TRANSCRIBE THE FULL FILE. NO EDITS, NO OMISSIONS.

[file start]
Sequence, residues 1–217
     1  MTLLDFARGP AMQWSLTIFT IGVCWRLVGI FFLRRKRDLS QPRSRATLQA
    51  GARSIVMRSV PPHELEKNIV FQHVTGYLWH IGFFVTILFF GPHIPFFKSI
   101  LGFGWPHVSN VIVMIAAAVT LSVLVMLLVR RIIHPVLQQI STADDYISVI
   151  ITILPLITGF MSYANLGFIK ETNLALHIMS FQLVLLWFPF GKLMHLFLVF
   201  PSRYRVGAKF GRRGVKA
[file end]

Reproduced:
Sequence, residues 1–217
     1  MTLLDFARGP AMQWSLTIFT IGVCWRLVGI FFLRRKRDLS QPRSRATLQA
    51  GARSIVMRSV PPHELEKNIV FQHVTGYLWH IGFFVTILFF GPHIPFFKSI
   101  LGFGWPHVSN VIVMIAAAVT LSVLVMLLVR RIIHPVLQQI STADDYISVI
   151  ITILPLITGF MSYANLGFIK ETNLALHIMS FQLVLLWFPF GKLMHLFLVF
   201  PSRYRVGAKF GRRGVKA